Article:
Definition of tracheid in English:

tracheid

noun

Botany
  • A type of water-conducting cell in the xylem that lacks perforations in the cell wall.

    • ‘This method allows the cavitation resistance of the metastable liquid water in the lumen of tracheids in conifer sapwood sections to be estimated.’
    • ‘Lignins occur in great quantity in the secondary cell walls of fibres, xylem vessels and tracheids.’
    • ‘The lack of lignin in lateral walls shifts the function of ‘pipe walls’ to the turgid parenchyma paving the tracheid.’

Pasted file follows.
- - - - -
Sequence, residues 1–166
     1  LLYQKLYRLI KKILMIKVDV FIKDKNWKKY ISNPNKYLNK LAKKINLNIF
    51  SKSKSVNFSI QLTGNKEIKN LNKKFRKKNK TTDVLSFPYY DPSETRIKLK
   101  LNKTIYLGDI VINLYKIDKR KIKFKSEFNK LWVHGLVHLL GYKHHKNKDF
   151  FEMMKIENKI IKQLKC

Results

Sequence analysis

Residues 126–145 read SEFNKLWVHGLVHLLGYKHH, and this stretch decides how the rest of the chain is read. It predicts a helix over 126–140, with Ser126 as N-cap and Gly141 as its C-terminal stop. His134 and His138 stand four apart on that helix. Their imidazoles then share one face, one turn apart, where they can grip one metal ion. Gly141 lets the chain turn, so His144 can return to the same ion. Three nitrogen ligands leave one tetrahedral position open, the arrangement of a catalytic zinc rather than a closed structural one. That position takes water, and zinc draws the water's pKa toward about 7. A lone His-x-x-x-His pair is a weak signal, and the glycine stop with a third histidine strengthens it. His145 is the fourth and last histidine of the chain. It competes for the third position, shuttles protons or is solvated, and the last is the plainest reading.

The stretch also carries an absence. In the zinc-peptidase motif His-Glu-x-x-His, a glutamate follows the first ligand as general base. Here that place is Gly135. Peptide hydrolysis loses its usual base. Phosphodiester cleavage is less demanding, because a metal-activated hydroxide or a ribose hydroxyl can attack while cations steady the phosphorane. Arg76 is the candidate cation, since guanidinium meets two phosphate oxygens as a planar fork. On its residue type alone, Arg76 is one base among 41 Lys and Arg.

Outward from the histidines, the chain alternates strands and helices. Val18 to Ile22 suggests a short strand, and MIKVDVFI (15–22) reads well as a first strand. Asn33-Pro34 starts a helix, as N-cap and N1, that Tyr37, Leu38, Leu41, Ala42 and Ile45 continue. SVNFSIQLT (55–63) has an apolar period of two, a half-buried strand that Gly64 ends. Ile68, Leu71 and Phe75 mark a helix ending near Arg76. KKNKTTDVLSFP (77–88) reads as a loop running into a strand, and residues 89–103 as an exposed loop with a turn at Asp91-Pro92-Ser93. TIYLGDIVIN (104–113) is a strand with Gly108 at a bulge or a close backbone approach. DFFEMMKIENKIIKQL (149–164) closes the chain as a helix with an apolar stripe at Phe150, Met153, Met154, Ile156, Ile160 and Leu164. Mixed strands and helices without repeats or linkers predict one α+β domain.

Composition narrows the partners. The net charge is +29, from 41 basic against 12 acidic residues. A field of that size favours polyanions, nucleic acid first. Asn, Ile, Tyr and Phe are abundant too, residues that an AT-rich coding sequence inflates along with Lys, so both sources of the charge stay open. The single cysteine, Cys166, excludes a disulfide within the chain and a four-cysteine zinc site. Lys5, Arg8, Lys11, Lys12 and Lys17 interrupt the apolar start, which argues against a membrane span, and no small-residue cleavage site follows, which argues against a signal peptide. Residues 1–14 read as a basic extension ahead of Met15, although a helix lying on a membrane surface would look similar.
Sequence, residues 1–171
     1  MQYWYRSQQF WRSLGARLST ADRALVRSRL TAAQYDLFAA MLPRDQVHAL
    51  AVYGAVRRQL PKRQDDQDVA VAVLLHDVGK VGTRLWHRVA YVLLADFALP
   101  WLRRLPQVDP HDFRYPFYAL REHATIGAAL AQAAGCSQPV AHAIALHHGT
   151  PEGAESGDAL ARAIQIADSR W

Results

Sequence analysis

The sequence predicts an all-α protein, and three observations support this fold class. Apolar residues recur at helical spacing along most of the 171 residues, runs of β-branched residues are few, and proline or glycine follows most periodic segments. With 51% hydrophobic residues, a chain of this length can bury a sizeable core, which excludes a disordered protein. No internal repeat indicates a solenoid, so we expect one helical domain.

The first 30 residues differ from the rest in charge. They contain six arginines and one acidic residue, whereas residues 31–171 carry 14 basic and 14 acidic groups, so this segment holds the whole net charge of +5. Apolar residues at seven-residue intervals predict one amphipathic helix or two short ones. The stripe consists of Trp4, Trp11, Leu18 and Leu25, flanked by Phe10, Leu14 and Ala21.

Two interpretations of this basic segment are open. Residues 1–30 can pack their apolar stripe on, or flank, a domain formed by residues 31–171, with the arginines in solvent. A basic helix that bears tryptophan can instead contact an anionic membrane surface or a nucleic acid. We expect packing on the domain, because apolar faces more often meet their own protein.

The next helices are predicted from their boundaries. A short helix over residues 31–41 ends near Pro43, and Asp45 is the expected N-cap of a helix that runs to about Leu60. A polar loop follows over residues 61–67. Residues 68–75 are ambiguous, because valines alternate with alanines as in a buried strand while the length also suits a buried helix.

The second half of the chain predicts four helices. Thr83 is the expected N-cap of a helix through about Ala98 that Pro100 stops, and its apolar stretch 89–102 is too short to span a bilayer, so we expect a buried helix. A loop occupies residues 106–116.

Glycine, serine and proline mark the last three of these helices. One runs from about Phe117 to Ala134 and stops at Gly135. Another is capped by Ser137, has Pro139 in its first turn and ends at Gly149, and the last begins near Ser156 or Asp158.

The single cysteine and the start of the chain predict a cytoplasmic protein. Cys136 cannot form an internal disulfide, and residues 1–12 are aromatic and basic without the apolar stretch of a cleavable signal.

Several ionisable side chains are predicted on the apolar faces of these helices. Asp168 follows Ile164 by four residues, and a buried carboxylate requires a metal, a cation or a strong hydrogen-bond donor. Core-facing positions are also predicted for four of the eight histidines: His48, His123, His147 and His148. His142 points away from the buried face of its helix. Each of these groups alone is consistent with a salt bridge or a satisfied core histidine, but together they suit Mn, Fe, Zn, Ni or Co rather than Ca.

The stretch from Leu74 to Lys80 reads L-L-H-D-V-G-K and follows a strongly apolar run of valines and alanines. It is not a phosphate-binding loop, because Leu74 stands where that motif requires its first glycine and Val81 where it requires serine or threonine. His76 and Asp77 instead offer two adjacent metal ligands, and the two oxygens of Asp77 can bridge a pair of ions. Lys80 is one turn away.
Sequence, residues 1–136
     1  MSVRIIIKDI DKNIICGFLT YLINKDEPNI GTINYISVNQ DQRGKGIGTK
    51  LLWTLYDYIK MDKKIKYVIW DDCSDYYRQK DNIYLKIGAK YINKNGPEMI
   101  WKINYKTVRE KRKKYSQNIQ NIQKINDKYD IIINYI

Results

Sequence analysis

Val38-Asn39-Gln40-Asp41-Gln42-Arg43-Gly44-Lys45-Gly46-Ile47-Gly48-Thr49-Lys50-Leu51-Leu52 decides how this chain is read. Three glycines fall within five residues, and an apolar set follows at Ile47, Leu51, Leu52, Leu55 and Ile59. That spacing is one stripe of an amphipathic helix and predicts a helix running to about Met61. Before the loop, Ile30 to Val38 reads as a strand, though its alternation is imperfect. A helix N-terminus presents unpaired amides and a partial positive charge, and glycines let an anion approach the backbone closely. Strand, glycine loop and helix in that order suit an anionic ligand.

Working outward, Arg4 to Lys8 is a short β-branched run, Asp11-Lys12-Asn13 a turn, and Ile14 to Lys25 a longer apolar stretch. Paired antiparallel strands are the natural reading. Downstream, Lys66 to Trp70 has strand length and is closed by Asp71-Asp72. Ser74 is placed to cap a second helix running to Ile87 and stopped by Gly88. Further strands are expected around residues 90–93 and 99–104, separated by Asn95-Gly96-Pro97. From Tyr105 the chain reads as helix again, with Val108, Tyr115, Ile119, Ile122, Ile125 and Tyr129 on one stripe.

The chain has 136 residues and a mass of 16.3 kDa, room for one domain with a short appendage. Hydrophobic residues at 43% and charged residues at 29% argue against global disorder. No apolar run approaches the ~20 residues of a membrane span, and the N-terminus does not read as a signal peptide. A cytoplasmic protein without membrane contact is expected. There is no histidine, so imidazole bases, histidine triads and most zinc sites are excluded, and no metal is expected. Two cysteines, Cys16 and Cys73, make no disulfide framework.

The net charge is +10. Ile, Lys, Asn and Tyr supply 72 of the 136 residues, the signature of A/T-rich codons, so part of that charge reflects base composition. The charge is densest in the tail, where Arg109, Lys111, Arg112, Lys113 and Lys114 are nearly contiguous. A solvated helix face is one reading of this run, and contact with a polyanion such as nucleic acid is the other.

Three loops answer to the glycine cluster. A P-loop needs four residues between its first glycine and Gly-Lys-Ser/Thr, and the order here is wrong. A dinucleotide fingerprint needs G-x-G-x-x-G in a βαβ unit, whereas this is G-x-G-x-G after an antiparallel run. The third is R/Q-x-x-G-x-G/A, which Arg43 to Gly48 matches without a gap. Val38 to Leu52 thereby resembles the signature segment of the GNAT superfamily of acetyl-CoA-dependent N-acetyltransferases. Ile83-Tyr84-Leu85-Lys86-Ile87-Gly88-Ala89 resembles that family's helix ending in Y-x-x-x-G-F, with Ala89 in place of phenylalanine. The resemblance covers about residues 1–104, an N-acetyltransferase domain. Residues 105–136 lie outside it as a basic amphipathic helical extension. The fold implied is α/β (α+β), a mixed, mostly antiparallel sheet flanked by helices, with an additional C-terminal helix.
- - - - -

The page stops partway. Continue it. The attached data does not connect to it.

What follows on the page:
• ‘Tissues external to the xylem were removed because of the presence of large resin ducts which could release materials that would obstruct water flow through the xylem tracheids.’
    • ‘Vessel elements, tracheids, fibres, sieve tube elements, sieve cells, and parenchyma cells are the major components of vascular tissue.’

Origin

Late 19th century: from German Tracheïde, from medieval Latin trachea (see trachea).

Pronunciation:

tracheid

/ˈtrākēid/